Watchtower 1999 Jun 15 pp.27-28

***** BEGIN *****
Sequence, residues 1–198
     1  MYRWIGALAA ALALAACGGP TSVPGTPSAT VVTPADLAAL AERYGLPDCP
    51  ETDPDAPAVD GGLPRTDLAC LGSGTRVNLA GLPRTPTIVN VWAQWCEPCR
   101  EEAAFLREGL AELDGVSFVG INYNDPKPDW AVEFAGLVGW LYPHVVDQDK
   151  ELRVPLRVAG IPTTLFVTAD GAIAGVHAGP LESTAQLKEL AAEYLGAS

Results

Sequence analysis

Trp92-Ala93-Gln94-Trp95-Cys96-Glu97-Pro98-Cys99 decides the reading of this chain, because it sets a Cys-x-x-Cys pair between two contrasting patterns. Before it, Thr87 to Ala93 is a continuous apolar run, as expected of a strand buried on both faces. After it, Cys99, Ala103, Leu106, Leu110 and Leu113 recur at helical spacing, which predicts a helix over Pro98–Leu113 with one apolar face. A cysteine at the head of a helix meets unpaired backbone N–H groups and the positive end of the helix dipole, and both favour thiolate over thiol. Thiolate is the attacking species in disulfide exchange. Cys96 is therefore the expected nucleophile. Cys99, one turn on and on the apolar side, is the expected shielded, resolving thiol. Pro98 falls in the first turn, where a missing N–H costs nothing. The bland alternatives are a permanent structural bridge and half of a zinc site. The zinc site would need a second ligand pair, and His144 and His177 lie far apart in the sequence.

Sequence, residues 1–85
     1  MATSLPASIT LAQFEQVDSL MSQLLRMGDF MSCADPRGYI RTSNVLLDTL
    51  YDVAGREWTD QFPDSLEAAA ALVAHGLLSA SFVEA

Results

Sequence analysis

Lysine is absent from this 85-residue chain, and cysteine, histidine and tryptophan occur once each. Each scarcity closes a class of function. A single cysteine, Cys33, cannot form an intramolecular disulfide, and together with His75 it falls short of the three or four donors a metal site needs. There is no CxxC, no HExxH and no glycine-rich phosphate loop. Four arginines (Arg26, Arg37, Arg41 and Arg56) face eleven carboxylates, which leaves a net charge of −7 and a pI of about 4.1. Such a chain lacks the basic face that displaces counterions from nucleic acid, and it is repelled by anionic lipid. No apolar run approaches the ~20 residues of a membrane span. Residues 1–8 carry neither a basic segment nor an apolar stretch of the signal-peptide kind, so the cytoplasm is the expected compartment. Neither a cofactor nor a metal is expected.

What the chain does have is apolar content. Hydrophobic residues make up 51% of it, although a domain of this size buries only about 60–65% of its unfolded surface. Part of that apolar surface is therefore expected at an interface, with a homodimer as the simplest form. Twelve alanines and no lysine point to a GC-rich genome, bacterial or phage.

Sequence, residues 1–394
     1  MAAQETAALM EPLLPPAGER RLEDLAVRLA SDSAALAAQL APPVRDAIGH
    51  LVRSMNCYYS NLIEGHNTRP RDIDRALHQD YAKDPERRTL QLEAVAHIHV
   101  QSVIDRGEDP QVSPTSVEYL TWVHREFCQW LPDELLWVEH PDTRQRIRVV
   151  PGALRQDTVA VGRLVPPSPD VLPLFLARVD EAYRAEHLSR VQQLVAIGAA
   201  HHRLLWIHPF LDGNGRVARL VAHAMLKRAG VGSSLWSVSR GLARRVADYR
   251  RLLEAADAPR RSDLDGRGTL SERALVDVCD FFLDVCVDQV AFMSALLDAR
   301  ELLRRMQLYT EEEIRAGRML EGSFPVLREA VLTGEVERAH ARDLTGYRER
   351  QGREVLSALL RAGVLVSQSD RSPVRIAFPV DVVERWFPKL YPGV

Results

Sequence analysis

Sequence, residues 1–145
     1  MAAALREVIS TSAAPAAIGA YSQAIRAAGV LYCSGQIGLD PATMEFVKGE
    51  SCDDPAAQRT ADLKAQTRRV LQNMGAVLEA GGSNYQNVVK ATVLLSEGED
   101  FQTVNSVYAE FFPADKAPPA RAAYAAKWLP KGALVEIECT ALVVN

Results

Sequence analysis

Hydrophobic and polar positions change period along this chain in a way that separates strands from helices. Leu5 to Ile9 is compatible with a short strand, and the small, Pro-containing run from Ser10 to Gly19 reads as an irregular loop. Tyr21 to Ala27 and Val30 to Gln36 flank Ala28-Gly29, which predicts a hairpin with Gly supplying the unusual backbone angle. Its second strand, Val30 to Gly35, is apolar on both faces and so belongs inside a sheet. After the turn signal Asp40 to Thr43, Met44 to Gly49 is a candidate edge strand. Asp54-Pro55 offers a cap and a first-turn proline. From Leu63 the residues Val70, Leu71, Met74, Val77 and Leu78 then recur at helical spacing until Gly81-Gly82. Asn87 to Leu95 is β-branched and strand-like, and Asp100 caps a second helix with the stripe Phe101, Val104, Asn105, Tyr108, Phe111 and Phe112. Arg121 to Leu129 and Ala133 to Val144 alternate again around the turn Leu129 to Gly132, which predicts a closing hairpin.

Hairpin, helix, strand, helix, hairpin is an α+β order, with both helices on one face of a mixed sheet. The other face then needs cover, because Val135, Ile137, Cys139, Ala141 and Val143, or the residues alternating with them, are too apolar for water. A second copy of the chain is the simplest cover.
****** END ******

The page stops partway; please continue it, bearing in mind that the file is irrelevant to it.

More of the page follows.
"A central point is that reproductive powers are a gift from our Creator. His original purpose included procreation by perfect humans, who would “fill the earth and subdue it.” (Genesis 1:28) After the Flood cut earth’s population to eight, God repeated those basic instructions. (Genesis 9:1) God did not repeat that command to the nation of Israel, but Israelites viewed having offspring as something very desirable.—1 Samuel 1:1-11; Psalm 128:3. God’s Law to Israel contained indications of his regard for human procreation. For example, if a married man died before producing a son to carry on his lineage, his brother was to father a son by brother-in-law marriage. (Deuteronomy 25:5) More to the point was the law about a wife who tried to help her husband in a fight. If she grasped the privates of her husband’s opponent, her hand was to be amputated; significantly, God did not require eye-for-eye damage to her or her husband’s reproductive organs. (Deuteronomy 25:11, 12) This law would clearly engender respect for reproductive organs; these were not to be destroyed needlessly.